01 June, 2012

Why are you still a Catholic?

This was the question addressed in this article sent to me by my friend Foomeister (and if you’re not following her on twitter, then you’re a fool to yourself and a burden to others).  It makes some interesting points, but I’d like to answer the question in a slightly more direct way.

The continuing revelations of scandals within the Catholic church has produced a sense of Schadenfreude among anti-Catholics of all persuasions which is palpable.  It’s terribly easy to point to cover-ups of sexual abuse, suspect accounting and centuries of other misdeeds and wonder how anyone can possibly remain connected to such people.  I’ve written before that if you want to point to the crimes committed by the church and in the name of religion, you’ll get no argument from me.  So why am I still a Catholic?

Well, let’s apply the same thinking to different issues…

Why are you still Australian after what was done to the aborigines?
Why are you still American after the invasion of Iraq on false pretences and all the abuses that followed?  Alternatively, if you’re a crazy person, why are you still American after Obama and socialism?  (For the sake of time and space, I am restricting US examples to this century.)
Why are you still German after nazism?
Why are you still South African after apartheid?
Why are you still Irish after the IRA?
Why are you still Israeli after Palestine?
Why are you still Palestinian after Israel?
Why are you still Zimbabwean after Mugabe?
Why are you still Iranian after Ahmadinejad?
Why are you still Chinese after Tibet?
Why are you still Russian after Bolshevism, Stalinism and Putin?
Why are you still British after… I don’t even know where to begin?
Why are you still white after centuries of abuse of other peoples based on the assumption, both explicit and implicit that whites are the superior race?
Why are you still male after rape?

Truthfully, that last one is the one I struggle with the most.  In Trouble Every Day, Frank Zappa says, “I’m not black but there’s a whole lot of times I wish I could say I’m not white.”  Well, I’m not a woman, but there’s a whole lot of times I wish I could say I’m not a man.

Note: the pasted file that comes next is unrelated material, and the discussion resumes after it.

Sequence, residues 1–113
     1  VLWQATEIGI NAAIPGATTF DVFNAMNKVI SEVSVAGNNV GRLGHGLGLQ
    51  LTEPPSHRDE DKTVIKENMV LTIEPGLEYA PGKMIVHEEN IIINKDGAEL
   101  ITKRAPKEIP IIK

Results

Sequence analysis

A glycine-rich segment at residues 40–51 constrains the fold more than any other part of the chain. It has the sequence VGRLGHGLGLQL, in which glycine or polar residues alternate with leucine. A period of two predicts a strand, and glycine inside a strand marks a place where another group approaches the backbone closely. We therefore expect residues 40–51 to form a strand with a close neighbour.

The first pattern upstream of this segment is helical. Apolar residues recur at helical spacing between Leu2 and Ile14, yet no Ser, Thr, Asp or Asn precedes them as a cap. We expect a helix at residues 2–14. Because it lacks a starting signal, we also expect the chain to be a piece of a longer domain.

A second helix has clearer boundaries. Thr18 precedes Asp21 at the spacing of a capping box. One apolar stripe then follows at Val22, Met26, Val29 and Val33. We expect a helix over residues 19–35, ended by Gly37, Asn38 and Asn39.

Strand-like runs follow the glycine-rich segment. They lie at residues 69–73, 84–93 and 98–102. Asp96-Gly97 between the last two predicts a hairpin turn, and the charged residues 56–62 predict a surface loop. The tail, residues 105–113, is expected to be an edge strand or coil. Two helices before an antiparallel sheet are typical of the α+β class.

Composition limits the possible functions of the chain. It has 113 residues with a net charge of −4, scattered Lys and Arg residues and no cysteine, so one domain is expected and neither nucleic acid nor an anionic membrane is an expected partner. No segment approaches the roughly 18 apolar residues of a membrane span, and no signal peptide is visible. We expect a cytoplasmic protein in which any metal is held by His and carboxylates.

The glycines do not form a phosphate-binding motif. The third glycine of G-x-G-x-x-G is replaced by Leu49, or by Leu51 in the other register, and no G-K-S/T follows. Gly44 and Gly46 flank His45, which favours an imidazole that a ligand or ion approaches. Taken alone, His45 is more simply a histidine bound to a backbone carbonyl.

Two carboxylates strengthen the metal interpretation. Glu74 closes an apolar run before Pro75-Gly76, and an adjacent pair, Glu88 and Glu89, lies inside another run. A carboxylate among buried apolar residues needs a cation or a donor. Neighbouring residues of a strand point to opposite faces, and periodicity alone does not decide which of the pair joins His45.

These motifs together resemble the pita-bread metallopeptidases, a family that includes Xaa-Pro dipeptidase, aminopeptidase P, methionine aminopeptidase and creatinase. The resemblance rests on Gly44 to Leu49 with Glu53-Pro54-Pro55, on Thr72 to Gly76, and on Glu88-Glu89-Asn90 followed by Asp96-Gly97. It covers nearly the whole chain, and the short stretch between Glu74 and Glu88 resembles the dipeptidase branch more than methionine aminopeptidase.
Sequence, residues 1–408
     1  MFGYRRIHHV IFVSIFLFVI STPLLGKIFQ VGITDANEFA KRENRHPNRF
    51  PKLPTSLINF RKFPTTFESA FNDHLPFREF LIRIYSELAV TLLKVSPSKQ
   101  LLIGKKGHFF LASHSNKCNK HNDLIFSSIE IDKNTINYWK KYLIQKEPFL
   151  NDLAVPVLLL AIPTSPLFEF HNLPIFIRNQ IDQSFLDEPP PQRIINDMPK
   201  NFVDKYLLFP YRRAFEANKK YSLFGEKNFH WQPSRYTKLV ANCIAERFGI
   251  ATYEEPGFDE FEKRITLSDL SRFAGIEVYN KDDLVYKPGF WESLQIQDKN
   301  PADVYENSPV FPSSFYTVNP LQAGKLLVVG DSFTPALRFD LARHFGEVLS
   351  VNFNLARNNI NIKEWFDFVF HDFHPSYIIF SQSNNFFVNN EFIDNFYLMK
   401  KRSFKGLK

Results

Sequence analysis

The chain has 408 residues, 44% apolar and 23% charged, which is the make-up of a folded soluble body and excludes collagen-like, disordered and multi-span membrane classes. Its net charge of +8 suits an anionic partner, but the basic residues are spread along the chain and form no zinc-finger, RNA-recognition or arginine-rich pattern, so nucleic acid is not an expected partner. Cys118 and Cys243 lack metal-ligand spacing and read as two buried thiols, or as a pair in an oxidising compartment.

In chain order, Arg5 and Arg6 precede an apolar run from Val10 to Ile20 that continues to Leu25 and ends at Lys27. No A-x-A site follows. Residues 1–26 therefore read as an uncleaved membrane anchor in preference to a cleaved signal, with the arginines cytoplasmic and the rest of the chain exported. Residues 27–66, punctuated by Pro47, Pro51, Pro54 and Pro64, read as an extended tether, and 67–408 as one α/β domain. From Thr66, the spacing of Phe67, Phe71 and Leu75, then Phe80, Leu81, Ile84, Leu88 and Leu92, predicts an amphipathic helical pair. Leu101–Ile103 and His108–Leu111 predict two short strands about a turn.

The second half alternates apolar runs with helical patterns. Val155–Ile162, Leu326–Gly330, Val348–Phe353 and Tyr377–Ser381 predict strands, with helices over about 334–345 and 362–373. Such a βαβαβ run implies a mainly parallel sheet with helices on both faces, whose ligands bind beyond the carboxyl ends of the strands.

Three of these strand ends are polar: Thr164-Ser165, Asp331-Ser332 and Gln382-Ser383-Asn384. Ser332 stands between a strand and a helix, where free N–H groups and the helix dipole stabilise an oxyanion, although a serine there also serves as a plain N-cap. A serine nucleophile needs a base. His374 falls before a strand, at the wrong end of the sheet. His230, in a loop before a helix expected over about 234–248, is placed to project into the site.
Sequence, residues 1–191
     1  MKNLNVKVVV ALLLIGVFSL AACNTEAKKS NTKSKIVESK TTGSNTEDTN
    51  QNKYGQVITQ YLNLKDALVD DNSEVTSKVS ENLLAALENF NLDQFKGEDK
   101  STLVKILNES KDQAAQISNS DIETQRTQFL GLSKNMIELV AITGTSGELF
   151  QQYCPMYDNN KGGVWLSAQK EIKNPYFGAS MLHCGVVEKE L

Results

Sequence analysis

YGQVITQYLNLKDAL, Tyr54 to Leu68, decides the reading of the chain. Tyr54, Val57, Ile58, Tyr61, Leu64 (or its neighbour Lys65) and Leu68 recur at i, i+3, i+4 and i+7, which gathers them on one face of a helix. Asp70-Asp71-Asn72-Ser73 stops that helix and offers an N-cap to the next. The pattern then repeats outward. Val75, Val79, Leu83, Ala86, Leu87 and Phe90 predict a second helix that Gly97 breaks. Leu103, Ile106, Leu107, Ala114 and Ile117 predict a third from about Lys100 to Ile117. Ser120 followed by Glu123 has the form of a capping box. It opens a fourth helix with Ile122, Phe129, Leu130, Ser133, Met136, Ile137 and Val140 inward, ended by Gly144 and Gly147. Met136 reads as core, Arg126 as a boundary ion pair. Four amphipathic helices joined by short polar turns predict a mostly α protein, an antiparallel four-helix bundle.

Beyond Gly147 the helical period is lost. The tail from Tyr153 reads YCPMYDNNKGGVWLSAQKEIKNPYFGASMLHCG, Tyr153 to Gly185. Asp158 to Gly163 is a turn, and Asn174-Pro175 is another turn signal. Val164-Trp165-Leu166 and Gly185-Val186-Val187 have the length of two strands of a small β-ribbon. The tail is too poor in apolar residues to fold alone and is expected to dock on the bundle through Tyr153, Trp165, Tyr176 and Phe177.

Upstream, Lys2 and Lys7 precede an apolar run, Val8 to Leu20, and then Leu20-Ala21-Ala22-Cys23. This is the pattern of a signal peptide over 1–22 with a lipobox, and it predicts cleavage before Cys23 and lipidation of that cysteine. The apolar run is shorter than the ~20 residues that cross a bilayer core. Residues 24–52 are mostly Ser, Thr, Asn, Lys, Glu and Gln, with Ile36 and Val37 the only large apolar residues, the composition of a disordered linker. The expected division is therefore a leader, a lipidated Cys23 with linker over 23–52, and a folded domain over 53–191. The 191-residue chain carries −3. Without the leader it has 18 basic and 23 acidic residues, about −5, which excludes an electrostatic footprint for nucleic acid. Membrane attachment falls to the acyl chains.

Some may say that gender, race and nationality are simply accidents of birth, while faith and religion are acts of free choice.  Alright then, let’s go further…

Why do you still support St Kilda after Nick Riewoldt and Ricky Nixon?
Why do you still listen to Michael Jackson after the child abuse?
Why do you still watch Mel Gibson films after the bizarre anti-Jewish tirades?
Why do you support any team Michael Vick has been on?  (You know, I bet I could fill several pages just with football teams.)
Why do you still read Jeffrey Archer after he perverted the course of justice?
Why do you still watch Seinfeld after Michael Richards’ racist rant?
Why do you still listen to Phil Spector records after he killed someone?

The answer to any one of these questions is the answer to all of them.  Believe it or not, you don’t actually have to approve of spousal abuse to say that Ike Turner had some great riffs.  Some have said they’ll never watch a Mel Gibson film again.  Well, I hate to break it to you this way, but he’s already been paid for them so it won’t make a lick of difference whether you ever rent Braveheart or The Year of Living Dangerously again.

Whatever your cultural background may be, you don’t have to look too far to make a connection with shame and atrocity.  The only way to completely detach ourselves from it would be to evolve into a new species and find another planet to live on.  Even then, you’d run the risk of starting the whole cycle over again, and you have no idea what those Martians got up to.